). Another key strength of the study is its inclusion of participants from three different countries, applying the same study protocol and design. Participants in all three countries were assessed using the same psychometrically validated questionnaire containing the same items, thereby allowing exploration of similarities and differences in the impact of rotavirus across the different countries and providing a broad perspective on the burden of rotavirus gastroenteritis in Europe.
One limitation of our study is that it was not designed or powered to compare scores according to demographic or risk factors. Thus, although the results indicate that the questionnaire is able to discriminate between different groups of patients, which is encouraging for the future use of the questionnaire in further research, the differences reported here should be interpreted with caution. Another limitation is that the number of respondents in Italy was small. The lower response rate in Italy compared with the other two countries may be due to differences in follow-up, as not all the participating centres in Italy followed up parents who had not returned the questionnaire. It was not possible to determine whether patients enrolled in the study had a previous history of rotavirus gastroenteritis, because testing for rotavirus infection was not part of routine clinical practice when the study was conducted, so we could not assess whether the quality of life impact varied between first and subsequent episodes.
Another limitation of our study is that it did not include a control group of rotavirus-negative patients, as all cases enrolled in the study tested positive for rotavirus on the rapid test. The PCR-negative cases in the study were analysed as a comparison group. However, the comparison should be interpreted with caution, as the PCR-negative cases were few (n
34). A full comparison of the impact of rotavirus gastroenteritis with that of non-rotavirus gastroenteritis would require a different study design with a rotavirus-negative control group. Our results suggest that the questionnaire described here would be a suitable instrument for such a study.
Our results are broadly consistent with those of other published studies that have investigated the impact of rotavirus gastroenteritis on families. In Canada, a prospective study in children aged under 3
years presenting in outpatient settings with rotavirus gastroenteritis (the MIRAGE study) found that over half (53.8%) of parents of children with rotavirus gastroenteritis had to take time off work as a result of their child’s illness [17
]. A sub-analysis of the same study used the EuroQol 5D (EQ-5D) to assess the parents’ quality of life, and reported adverse effects of the child’s rotavirus gastroenteritis on the parents’ EQ-5D scores on the dimensions of anxiety/depression, pain/discomfort and usual activities [18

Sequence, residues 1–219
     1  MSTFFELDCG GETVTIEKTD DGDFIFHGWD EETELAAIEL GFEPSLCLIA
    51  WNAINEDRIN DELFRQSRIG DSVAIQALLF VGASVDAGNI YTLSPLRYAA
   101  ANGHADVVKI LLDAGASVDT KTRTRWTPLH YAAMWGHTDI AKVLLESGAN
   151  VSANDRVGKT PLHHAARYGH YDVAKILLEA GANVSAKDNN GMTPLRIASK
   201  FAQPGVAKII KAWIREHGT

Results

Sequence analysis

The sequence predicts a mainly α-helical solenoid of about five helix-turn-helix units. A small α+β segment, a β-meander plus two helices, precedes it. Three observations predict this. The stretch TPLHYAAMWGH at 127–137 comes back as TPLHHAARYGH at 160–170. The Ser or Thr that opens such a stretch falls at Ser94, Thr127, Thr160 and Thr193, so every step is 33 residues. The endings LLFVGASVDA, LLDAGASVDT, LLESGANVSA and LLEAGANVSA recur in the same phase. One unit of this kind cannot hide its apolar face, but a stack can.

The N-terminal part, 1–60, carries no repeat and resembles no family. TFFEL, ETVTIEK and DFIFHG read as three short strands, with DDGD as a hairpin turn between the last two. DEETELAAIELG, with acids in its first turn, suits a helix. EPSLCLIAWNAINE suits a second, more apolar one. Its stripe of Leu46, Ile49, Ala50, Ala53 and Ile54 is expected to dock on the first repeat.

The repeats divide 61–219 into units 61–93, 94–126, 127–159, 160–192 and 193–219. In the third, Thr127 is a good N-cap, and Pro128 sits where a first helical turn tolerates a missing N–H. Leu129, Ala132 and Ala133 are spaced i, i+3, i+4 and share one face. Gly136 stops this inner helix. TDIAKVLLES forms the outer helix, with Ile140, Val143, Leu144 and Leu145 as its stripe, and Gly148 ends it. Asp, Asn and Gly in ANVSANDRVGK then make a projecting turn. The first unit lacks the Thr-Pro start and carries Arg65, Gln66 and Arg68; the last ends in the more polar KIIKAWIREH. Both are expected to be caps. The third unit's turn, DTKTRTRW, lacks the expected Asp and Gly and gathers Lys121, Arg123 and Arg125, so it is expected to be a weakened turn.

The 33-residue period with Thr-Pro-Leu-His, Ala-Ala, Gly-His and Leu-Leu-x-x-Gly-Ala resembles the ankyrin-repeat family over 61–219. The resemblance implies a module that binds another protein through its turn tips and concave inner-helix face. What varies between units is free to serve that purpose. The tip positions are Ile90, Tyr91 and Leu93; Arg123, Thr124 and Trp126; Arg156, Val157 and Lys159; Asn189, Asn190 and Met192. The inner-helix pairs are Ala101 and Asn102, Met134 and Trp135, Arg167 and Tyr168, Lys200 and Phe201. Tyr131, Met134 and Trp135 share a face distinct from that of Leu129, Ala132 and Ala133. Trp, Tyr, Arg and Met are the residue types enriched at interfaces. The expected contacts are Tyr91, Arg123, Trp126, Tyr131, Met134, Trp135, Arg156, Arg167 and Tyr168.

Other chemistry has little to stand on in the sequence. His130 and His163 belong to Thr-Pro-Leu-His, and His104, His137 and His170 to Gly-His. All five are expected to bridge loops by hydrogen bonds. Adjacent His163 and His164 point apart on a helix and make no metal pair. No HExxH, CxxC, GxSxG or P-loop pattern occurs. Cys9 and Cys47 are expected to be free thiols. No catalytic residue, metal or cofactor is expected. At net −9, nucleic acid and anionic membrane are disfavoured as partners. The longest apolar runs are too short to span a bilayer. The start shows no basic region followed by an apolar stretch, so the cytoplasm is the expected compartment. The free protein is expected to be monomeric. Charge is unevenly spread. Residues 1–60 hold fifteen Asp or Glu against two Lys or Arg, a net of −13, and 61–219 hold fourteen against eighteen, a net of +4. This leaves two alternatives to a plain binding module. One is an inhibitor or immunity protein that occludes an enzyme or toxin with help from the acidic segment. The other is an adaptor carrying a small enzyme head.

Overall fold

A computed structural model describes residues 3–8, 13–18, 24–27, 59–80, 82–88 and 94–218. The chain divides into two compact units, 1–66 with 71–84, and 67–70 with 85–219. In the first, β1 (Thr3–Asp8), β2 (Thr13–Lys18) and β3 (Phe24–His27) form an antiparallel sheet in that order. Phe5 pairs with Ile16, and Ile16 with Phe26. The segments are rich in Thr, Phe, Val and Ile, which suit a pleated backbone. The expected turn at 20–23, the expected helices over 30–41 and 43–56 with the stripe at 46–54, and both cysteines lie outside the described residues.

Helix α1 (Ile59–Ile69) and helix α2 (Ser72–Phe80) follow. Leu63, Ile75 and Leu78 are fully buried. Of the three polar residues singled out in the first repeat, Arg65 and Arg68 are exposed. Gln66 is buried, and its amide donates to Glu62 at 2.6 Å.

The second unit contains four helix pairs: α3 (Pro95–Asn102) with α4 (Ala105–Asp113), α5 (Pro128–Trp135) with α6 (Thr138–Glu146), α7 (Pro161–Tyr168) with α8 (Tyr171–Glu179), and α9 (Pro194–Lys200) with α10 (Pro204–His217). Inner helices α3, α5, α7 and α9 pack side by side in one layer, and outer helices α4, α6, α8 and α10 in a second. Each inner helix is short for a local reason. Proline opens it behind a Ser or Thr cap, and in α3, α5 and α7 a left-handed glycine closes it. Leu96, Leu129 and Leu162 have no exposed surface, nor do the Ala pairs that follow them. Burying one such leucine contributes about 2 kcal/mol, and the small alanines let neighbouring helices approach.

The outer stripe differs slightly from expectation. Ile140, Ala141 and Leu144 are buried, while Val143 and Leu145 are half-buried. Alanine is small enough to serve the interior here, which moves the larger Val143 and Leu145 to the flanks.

]. These studies are consistent with our findings of adverse effects of childhood rotavirus gastroenteritis on parental worry, distress and impact on daily activities. The EQ-5D scale is widely used [19
] and can be converted into utility values using a country-specific algorithm [20
], but it is a generic quality of life instrument rather than a disease-specific measure. A smaller study of children aged 2–36
months presenting with rotavirus gastroenteritis at outpatient clinics or emergency rooms in North Carolina, USA, used qualitative interviews with 17 parents to explore the emotional impact of the child’s illness on the family [21
]. The parents were frightened and worried by the severity of the symptoms, and reported that the child’s illness caused loss of sleep, missed work and difficulty in completing normal household tasks [21
]. Although this study did not attempt to quantify these adverse emotional and practical effects using a scoring system, the issues reported are consistent with those addressed by our questionnaire.
In Europe, a study in 25 hospitals and five primary care centres in Spain found that rotavirus-positive gastroenteritis in children aged under 2
years was associated with more severe parental worry and more disruption to household tasks than rotavirus-negative gastroenteritis [22
]. The multi-country REVEAL study conducted in Belgium, France, Germany, Italy, Spain, Sweden and the UK in 2004–2005 found high levels of self-reported parental stress among parents of children with rotavirus gastroenteritis aged under 5
years, with mean stress levels of 4.5 to 8.99 on a visual analogue scale from 1 (no stress) to 10 (extremely stressed) [23
]. A large survey conducted in 69 paediatric practices in Germany in 2005–2006 used a questionnaire developed for the study (the Parental Appraisal of the Morbidity of Diarrhea in Infants and toddlers [PAMODI]) to assess clinical and behavioural symptoms, treatment and parental feelings in 2023 parents of children aged under 2
years presenting with diarrhoea [24
]. Parents’ feelings were characterised by sympathy and anxiety for the child, followed by feelings of helplessness, stress and exhaustion. Over half (53.6%)of parents of children with severe gastroenteritis reported restrictions on their normal daily activities [24
]. The validity of the PAMODI questionnaire was supported by the finding that clinically more severe disease (measured by a modified Vesikari score) was associated with a higher perceived disease burden, but the psychometric properties of the PAMODI questionnaire were not formally investigated. Our study builds on the earlier results by using a fully validated questionnaire specifically designed for use with parents of children experiencing rotavirus gastroenteritis.